“There are many pharmacies in our communities, so the implementing unit can store their medicines with those people so this person can pass by any time of their convenience and there is nothing identifying that someone is positive. This will scale up the appointment keeping and medication dispensing to these people.”
She also thinks that if the government can come up with several adolescent centers like the Naguru Teenage Center which most adolescents find good and easy for them to access the services, it would scale up the appointment keeping.
“If we get more teenage centers, especially in places which have a higher incidence, it will improve the services for these people. I know most of the facilities have created a small center for these people by scheduling them on particular days and hours but it isn’t as convenient as those which are specifically set up for the teens.”
Dr. Ajambo also called for the training of school nurses on HIV and combating stigma so that they can see these children as normal children and also maintain the confidentiality of those who are infected.
“If these nurses know and are able to run these services, it’s easy for the clinicians to coordinate with them and also have them receive medication for the children who are infected and then advance adherence in schools.”
Mr. Peter Eceru – Programme Coordinator, Advocacy at CEHURD says that under the UNAIDS 95-95-95 strategy of combating HIV/AIDS, the third 95% seeks to ensure that HIV-infected persons on ART have viral load suppression.
Unfortunately, he says, for Uganda only 70% of this is virally suppressed, noting that the majority of this are young people, children, adolescents and young adults who contribute a bulk of that.
Accordingly, the suppressed young people are more prone to HIV-related morbidity and mortality, which Mr. Eceru says could be avoided.
“So, we need to ensure that HIV response ensures that young people friendly services are provided at a health facility. Our evidence shows that when services provided at health facilities are youth-friendly, young people are going to be more likely to visit health facilities. So, it’s important that at health facilities we have young people who use approaches that are favorable to young people.”
“This includes a peer-to-peer approach for example but also follow up of new young people who have been enrolled up on ART to ensure that they do not forget their medication,” he added.
Mr. Eceru notes that once facilities do not have youth-friendly services or when they go to facilities and their confidentiality is abused, it will lead to a decline in the number of young people who go to health facilities to seek ART services, and “this is key in achieving the 95% of people with suppressed viral load.”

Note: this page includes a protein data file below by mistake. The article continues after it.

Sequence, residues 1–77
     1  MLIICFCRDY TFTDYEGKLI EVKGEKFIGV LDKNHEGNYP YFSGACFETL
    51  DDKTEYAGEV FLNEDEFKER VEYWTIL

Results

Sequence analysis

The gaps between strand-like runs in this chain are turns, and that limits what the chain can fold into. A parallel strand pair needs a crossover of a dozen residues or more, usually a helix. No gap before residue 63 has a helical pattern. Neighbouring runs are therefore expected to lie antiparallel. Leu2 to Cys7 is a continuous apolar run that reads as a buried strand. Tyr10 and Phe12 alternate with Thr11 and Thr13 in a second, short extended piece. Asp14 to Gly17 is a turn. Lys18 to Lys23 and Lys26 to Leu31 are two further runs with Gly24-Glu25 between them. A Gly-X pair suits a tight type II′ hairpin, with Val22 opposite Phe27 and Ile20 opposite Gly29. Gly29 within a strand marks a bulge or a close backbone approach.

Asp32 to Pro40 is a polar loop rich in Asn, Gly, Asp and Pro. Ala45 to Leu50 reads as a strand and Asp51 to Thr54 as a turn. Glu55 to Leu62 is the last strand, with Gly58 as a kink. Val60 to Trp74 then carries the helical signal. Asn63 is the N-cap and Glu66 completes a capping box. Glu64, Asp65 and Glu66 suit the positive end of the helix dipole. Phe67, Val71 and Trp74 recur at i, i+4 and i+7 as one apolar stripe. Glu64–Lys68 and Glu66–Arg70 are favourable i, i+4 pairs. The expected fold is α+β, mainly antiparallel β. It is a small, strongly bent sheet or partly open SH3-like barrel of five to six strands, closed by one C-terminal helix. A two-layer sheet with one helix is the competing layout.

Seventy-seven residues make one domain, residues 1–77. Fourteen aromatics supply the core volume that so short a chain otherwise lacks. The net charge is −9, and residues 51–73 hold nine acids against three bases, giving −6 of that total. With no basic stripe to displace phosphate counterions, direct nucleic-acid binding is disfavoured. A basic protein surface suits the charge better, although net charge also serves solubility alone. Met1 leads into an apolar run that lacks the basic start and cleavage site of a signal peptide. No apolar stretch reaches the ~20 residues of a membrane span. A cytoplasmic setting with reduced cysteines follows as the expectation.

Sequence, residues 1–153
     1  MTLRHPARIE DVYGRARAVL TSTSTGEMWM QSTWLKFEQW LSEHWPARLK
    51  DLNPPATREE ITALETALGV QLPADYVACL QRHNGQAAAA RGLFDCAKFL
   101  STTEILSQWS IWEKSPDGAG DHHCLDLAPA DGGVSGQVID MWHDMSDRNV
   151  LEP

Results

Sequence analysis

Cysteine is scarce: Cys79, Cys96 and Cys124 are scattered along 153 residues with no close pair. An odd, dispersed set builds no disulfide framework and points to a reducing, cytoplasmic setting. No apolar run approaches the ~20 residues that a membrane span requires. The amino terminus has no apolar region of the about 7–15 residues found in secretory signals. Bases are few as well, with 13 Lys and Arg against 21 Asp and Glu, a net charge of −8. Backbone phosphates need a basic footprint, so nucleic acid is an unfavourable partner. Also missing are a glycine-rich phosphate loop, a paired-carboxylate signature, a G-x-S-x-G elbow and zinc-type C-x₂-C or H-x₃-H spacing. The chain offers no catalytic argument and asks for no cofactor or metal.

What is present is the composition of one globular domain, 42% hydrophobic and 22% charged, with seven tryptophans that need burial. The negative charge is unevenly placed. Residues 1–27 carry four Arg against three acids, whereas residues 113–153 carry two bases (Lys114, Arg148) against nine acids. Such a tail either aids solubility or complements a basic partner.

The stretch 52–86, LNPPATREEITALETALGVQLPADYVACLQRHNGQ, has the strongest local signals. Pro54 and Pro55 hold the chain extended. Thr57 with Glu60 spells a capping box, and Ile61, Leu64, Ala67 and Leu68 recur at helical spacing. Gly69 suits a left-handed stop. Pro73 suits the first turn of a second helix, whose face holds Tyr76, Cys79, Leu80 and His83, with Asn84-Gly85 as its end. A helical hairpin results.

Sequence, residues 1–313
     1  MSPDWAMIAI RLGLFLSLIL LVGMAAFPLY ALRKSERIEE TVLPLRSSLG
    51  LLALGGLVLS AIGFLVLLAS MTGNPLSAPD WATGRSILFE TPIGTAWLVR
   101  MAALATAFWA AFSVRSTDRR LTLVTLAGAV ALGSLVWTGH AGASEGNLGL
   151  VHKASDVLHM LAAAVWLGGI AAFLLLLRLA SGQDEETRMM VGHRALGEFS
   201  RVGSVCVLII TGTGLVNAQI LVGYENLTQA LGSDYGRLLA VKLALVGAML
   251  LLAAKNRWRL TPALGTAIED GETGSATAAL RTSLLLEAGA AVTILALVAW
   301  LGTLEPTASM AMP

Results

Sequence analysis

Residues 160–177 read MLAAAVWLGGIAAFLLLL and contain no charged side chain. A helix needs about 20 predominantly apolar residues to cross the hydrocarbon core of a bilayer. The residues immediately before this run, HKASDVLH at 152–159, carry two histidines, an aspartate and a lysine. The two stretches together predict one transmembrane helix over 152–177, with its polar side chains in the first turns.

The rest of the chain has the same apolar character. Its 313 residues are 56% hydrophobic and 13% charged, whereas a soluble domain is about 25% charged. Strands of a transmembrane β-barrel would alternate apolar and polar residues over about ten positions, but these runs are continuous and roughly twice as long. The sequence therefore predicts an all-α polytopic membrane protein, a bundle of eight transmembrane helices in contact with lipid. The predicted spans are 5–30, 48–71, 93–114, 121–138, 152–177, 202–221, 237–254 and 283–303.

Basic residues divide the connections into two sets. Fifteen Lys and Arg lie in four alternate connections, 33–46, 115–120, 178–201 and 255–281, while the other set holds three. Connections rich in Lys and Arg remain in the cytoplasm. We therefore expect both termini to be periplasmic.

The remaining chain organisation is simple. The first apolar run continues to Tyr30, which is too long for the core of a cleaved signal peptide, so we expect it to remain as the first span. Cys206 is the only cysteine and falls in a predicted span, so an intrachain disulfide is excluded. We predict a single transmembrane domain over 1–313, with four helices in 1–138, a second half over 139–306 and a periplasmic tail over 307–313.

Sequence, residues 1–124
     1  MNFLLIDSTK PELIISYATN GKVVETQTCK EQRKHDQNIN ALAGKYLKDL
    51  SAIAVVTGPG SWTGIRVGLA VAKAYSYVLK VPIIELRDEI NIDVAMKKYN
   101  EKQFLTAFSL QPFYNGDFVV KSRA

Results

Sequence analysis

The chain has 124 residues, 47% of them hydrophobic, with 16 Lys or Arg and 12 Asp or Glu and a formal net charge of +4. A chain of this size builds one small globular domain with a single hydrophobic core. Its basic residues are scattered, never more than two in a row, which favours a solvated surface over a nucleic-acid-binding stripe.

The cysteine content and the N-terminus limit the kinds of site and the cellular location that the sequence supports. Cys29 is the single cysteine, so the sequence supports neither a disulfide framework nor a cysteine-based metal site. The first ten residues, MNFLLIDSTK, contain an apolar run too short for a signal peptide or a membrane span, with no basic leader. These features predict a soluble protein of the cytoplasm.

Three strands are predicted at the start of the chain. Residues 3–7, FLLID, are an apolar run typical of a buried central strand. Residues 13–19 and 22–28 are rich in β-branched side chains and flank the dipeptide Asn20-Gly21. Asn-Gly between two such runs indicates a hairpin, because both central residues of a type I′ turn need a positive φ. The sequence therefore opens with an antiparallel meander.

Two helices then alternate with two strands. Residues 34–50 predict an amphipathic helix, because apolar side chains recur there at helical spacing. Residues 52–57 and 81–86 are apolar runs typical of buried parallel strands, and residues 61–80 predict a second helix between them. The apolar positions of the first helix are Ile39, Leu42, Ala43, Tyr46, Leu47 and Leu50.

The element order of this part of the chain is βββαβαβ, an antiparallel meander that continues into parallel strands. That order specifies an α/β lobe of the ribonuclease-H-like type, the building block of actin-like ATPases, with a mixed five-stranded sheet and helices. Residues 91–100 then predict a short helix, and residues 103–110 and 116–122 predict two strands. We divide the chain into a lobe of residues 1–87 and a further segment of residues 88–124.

Dr. Mugerwa notes that the government has integrated HIV services into the general maternal newborn child healthcare services because they don’t want to run standalone services.
“When a woman conceives in Uganda, it is mandatory to test for HIV status and this happens in antenatal. In order to reduce the stigma, we created separate clinics for adolescents where they’ll be very comfortable.”
He says that they have also trained healthcare providers to give adolescent-friendly services.
“At Uganda AIDS Commission, we are now advocating for equity in service delivery and we are using the intergraded approach. We want a mother who has come for HIV services to receive family planning services, TB services and also be screened for malaria. Our services are now a one-stop shop.”
What the law says
HIV and AIDS Act
The HIV and AIDS Prevention and Control Act, 2014 (“HIV and AIDS Act”) mandates the confidentiality of HIV test results and HIV status and penalizes breaches of “medical confidentiality” and the unlawful disclosure of a person’s HIV status. This confidentiality protections apply to any “person in possession of information relating to the HIV status of any person.” Notably, the HIV and AIDS Act permits disclosure of medical information: (1) to a guardian if the person is a minor, legally incompetent, or has given consent; (2) to medical staff directly involved in treatment, to those authorized by the Act, the court, or other laws; (3) to any person exposed to the body fluid of a person tested; and (4) to people that a person living with HIV is in close contact with. In the event that a medical practitioner discloses HIV test information under one of the above exceptions, that medical practitioner must “inform the person tested of the disclosure” by providing “the nature and purpose of disclosure,” the date of disclosure, and the recipient of the information.
ALB: Health Information Privacy & HIV/AIDS in Uganda
The HIV and AIDS Act creates an offense for “breaching medical confidentiality” or “unlawfully disclos[ing] information regarding the HIV status of any person.” A health practitioner who violates the confidentiality provisions of the HIV and AIDS Act is subject to a fine, imprisonment or both. The HIV and AIDS Act also requires mandatory HIV testing for: (1) the victim of a sexual offence; (2) a pregnant woman; (3) a partner of a pregnant woman; (4) anyone under a court order; (5) a child born of a mother who is HIV positive; and (6) anyone “apprehended for a sexual offence.”
UNAIDS recommends a clear legal framework for the collection, storage, disclosure, and use of health information. UNAIDS’ example privacy act includes a number of confidentiality, security and enforcement elements that could comprise a comprehensive privacy framework. Some of the elements of the UNAIDS example privacy act are addressed by Uganda’s HIV and AIDS Act and Patients’ Charter. However, a number of the elements from the UNAIDS sample privacy act are not addressed in Uganda’s existing legal framework. The Background Paper referenced in the box to the right provides a more thorough comparison of the UNAIDS elements to Uganda’s existing legal framework. To strengthen its health privacy framework, Uganda could consider adopting further legal provisions that address each of the elements of the UNAIDS’ example privacy act.